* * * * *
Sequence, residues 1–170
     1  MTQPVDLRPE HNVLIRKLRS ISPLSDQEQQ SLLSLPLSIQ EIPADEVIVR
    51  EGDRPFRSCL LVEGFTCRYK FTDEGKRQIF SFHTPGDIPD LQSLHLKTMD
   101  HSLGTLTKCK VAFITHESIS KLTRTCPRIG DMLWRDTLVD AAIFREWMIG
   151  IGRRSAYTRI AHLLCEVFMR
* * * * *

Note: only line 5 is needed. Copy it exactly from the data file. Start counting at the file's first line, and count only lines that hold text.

   151  IGRRSAYTRI AHLLCEVFMR